We’ve seen glimpses of Red Sox Nation, Wilderness Chapter time and time again. This hawk watched our rout of the Kansas City Royals on May 31, 2010 and stayed behind to revel in Boston’s glory.
Boston Globe Staff/Jim Davis
It’s a bird! It’s a plane! It’s…Kevin Youkilis? With the help of Adobe Photoshop, Youk does it all on the field as well as off the field. The imagination is a wonderful thing.
This pretty much sums up everything you need to know about Big Papi’s personality. Here, he’s about to welcome back Dustin Pedroia from the disabled list with one of the world’s biggest hugs.
Boston Globe Staff/Jim Davis
This one just looks strange, but it wasn’t edited. Clay Buchholz looks like he’s getting ready to deliver and should be standing on the mound, but there’s an Angel running right next to him. He was actually standing at first after winning the sprint to the bag to get the out.
You don’t have to be a celebrity to take sides in the biggest rivalry in sports; in fact, most of us aren’t. But hey, a fan is a fan, no matter how many TV appearances you’ve had. Here, John Krasinski defends his hometown favorites against Alec Baldwin’s verbal attack.
That is one angry Pat Burrell. On September 14, 2009, he went around on one of Jon Lester’s pitches and used some choice words to argue balls and strikes. He was very quickly ejected, and rightly so. He should know better than to argue balls and strikes when Jon Lester is on the mound.
Boston Globe Staff/Jim Davis
For all you sports photography fans, this is a great one. Dice-K returns to the mound after walking two to start our game against the Angels on May 6, 2010. Of course, unbeknownst to him at that moment, we’d eventually win it for the sweep.
Boston Globe Staff/Jim Davis
Dustin Pedroia is one of the fiercest competitors on the team. Here he’s reacting to Kelly Shoppach called safe at second during a home game against the Indians on May 7, 2009:
Did you know that the Yankees bought all of their no-hitters? It’s true. They have eleven regular season no-hitters and one World Series no-hitter, and all of them were thrown by free agents or products of trade. Not one of their original signings has ever thrown a no-hitter. Why am I not surprised.
This has to be one of the coolest sports photographs I’ve ever seen. It’s Josh Beckett. Almost looks like a painting rather than a photo. Awesome.
Boston Globe Staff/Jim Davis
One of the things I like and respect about the Red Sox organization is that everyone does their part to help out. Here, Larry Lucchino is picking up trash to help clean Fenway between the games of our doubleheader with the Rays on September 14, 2009.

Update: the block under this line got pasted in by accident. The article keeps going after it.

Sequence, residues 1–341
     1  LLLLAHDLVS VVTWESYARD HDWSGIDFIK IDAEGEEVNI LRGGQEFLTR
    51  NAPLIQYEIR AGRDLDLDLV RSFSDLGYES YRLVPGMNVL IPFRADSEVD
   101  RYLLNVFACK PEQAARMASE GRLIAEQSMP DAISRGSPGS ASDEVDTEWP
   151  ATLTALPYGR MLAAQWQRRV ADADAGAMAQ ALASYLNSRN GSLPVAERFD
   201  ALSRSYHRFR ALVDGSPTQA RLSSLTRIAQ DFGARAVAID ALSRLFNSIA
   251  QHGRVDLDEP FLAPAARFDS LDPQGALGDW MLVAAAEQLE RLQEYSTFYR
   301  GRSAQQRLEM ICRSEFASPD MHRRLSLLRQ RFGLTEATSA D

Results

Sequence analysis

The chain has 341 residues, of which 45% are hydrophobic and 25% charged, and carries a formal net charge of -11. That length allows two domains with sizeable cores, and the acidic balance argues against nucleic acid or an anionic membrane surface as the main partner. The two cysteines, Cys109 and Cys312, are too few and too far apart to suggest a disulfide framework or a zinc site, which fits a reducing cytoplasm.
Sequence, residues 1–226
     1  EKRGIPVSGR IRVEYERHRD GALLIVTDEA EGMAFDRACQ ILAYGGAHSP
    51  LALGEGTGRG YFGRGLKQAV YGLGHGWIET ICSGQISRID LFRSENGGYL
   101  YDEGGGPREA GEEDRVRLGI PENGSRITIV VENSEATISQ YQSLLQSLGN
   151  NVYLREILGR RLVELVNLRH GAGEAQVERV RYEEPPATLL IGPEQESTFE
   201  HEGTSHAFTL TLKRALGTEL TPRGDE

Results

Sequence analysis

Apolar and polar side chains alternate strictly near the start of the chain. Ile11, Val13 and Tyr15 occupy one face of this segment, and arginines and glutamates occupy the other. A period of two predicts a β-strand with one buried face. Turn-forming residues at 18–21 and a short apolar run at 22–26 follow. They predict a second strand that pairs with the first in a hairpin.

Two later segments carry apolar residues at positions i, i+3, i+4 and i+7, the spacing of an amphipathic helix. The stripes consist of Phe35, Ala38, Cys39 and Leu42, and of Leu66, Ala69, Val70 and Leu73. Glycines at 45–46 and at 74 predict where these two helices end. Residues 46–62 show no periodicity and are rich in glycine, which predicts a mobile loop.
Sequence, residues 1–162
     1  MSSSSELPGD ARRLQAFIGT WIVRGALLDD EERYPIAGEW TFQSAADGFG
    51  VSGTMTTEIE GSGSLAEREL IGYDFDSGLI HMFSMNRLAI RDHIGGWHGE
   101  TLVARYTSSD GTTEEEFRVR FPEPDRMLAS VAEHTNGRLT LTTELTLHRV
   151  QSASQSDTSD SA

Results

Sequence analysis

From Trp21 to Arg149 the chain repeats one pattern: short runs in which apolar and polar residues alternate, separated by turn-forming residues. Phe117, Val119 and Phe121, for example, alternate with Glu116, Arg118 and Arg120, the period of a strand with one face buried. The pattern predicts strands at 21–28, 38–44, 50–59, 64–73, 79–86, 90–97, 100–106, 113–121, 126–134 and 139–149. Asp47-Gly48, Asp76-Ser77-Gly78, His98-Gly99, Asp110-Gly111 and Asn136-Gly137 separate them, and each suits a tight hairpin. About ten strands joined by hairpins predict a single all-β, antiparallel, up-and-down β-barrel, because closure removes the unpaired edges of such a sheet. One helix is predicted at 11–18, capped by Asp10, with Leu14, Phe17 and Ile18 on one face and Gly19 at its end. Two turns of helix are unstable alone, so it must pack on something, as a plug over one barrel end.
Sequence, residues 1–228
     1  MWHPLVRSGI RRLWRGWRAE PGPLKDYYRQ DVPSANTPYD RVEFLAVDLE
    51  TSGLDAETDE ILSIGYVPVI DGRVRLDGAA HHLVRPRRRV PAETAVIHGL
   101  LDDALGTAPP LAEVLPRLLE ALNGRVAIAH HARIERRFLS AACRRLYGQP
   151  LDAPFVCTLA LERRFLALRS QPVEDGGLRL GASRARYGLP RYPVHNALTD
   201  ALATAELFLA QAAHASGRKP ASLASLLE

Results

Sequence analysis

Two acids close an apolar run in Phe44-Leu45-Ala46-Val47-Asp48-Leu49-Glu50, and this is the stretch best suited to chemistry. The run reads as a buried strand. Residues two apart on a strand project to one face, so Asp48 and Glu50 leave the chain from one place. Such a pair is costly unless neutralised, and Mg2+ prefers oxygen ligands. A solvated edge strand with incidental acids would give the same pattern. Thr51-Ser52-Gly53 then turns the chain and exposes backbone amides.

True or false: nobody ever pinch-hit for Ted Williams. False. On September 20, 1960, Ted Williams fouled a pitch from Oriole Hal Brown off his instep. That hurts. Bad. Ted Williams walked off the field, through the dugout, and into the clubhouse, and one Carroll Hardy was told to grab a bat and step to the plate. He was the only man ever to pinch-hit for Ted Williams. After all, when you’re the greatest hitter who ever lived, it’s going to take an injury to get you out of
the batter’s box. (For what it’s worth, he pinch-hit three times for Yaz.)
If you’re looking for a new or used car, Edmunds.com is a one-stop source of information, from prices to vehicle descriptions. And speaking of vehicle descriptions, how do we know this site is one that Red Sox Nation can trust? By reading the first paragraph of its review of the Kia Optima, which couldn’t be centered on a more accurate and apt analogy:
Like Red Sox third baseman Mike Lowell, the 2009 Kia Optima is an out-of-the-spotlight player that’s fully capable of delivering the goods when need be. Rather than dazzle those in the stands with either a deep-center homer or a struck-out-swinging-for-the-fences at bat, Lowell is more apt to hit a single or double and get a few runners across the plate. And though the Optima isn’t capable of making a great catch and starting a double play like Mr. Lowell, it likewise boasts a subtle, well-rounded character that’s easy to like – for those willing to take notice.
When Jacoby Ellsbury left the game on June 7, 2009 with a shoulder strain, Rocco Baldelli knew he was coming in. But would he play center and leave Mark Kotsay, who started, in right, or would Kotsay move to center and Baldelli take right? Rock, Paper, Scissors made that big decision, with a little help from Brad Mills.
The Yankees have a bad attitude. That’s nothing new. But what happens when sports humor meets the Onion? A situation that’s so absurd it’s actually almost believable.
We’re not the only ones who love baseball. Check out this squirrel watching the game from the best seat in the house: the outfield in Comerica Park in Detroit on June 2, 2009. Clearly a Red Sox fan, the squirrel wanted to conference with Jacoby Ellsbury and JD Drew and get an up-close look at what it’s like to win on the road.
It’s no secret that the guys like to unwind and have fun in the clubhouse. Here, Sean Casey asks David Ortiz the tough questions.
During our last game at the Metrodome in Minnesota, on May 28, 2009, Terry Francona had a confrontation with home plate umpire Todd Tichenor. His blood pressure shot up and he had more trouble than usual bringing it down. He was looked at by medical personnel and then felt much better, but his day got worse. The team flew out to Toronto after the game, and it was pouring rain on the tarmac as Tito stood there looking for his bag. He couldn’t find it and had to wait for everyone else to retrieve theirs. But he did find some solace in commenting on one soaked second baseman:
When Pedey came off, he looked like a drowned rat.
Big Papi appears here for Comcast, doing all the things he does when he’s not busy hitting balls out of the park.
The captain sharing his wisdom, as always. And he was absolutely right, too.